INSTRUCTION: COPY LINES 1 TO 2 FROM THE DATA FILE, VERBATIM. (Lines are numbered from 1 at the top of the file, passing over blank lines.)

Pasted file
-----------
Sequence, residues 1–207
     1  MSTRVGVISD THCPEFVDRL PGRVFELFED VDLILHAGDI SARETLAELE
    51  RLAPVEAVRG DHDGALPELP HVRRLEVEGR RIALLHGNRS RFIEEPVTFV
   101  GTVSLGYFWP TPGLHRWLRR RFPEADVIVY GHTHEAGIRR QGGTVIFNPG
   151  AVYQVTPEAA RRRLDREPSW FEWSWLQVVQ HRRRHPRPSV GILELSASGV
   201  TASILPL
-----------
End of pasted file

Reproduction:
Sequence, residues 1–207
     1  MSTRVGVISD THCPEFVDRL PGRVFELFED VDLILHAGDI SARETLAELE